Re: Chalmers on Computation

From: HARNAD, Stevan (
Date: Fri Mar 03 2000 - 16:50:30 GMT

On Thu, 2 Mar 2000, Terry, Mark wrote:

> >Harnad:
> >Does a system that specifies a causal structure computationally, have
> >that causal structure. Part of the causal structure, for example, of an
> >airplane, is that it is able to lift of the ground and fly. Does a plane
> >simulator that simulates its causal structure have the causal power to
> >fly?
> >
> >If so, then the same thing should work for the mind. But if not; if the
> >simulation "specifies" the causal structure but doesn't actually "have"
> >it, then that's another story.
> >
> >What do you think (and why?)
> Clearly modelling the causal structure of a system computationally does
> not mean the simulation HAS that causal structure, rather it uses the
> causal structure to tell us about the ACTUAL system. However, I would
> propose that this point doesn't matter when considering AI. We are trying
> to model an abstract idea (what we have decided is "intelligence") in a
> system, and as such a system which models an aeroplane does not need to be
> able to fly, it just needs to be able to tell us what would happen to some
> properties of the aeroplanes flight given some (input) conditions. In the
> same way, a computational model of the mind which outputs instructions
> such as "speak" or "move", as I belive it is reasonable to assume our
> minds do, would be simulating intelligence without actually possessing it.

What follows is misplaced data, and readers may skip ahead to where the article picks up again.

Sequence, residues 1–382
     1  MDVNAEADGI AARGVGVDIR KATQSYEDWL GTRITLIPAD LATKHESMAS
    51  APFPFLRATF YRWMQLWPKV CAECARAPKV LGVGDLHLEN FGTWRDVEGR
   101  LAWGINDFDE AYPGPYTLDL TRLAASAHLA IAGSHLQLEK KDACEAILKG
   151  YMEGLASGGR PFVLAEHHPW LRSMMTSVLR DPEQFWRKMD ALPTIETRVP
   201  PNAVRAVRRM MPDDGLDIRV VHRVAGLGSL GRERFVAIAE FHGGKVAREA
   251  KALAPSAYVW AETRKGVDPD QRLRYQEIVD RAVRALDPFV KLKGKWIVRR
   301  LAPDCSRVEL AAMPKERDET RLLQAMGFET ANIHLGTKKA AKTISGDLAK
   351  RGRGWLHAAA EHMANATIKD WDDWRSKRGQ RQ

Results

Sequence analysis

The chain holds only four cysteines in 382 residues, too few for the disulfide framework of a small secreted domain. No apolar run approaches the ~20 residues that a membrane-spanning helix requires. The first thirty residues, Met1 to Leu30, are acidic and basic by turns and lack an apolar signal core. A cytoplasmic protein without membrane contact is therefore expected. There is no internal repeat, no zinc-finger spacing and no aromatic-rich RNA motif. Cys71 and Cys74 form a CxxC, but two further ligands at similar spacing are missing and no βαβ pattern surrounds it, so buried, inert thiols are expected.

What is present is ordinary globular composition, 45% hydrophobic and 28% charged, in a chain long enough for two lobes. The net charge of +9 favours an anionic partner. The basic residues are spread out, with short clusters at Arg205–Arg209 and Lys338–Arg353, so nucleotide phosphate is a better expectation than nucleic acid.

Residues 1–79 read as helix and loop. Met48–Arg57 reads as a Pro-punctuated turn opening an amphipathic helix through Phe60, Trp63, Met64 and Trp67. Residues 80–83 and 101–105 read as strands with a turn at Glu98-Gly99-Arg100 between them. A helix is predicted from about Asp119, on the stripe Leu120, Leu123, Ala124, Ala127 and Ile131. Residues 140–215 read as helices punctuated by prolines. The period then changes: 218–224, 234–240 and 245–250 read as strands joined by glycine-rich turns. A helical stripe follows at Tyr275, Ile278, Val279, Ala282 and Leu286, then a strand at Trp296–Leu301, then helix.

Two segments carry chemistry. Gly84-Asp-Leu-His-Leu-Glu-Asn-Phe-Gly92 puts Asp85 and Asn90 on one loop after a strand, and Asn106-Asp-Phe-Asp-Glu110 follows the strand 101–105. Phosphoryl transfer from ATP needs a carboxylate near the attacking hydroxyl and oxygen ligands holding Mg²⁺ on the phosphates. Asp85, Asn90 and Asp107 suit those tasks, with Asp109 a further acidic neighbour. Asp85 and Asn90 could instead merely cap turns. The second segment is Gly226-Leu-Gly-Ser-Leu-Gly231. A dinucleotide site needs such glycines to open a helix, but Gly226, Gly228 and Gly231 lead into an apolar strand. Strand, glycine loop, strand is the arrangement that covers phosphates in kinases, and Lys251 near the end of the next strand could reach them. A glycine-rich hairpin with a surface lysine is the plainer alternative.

> Is this not enough for the machine to do? Certainly it would be expected
> to pass the Turing test. To model a mind, the machine does not have to BE
> the mind. This, I think, is the "artificial" part of AI.

Very well put point. And, as I said in class, this is what Searle called
"Weak AI," in which the system that passes the TT is not really BEING a
mind, but merely being an oracle that predicts what a mind would do, in
the same way that a solar system model predicts what a solar system
would do, without being one.

By this token, a virtual robot in a virtual world would pass a "virtual
TT." But to pass the real TT, it would have to BE a real robot, in the
real world.

Keep that in mind when you consider Searle's Chinese Room Argument,
which is meant to challenge "Strong AI," according to which the
TT-passer would BE a mind, rather than merely a predictor of what
someone with a mind would say/do. What is on trial is whether or
not computational states can BE mental states; not just whether they can
be used to predict what mental states would DO. (Many AI researchers
have held -- and still do -- that computation = cognition. Pylyshyn,
this week's skywreading, does, for example.)


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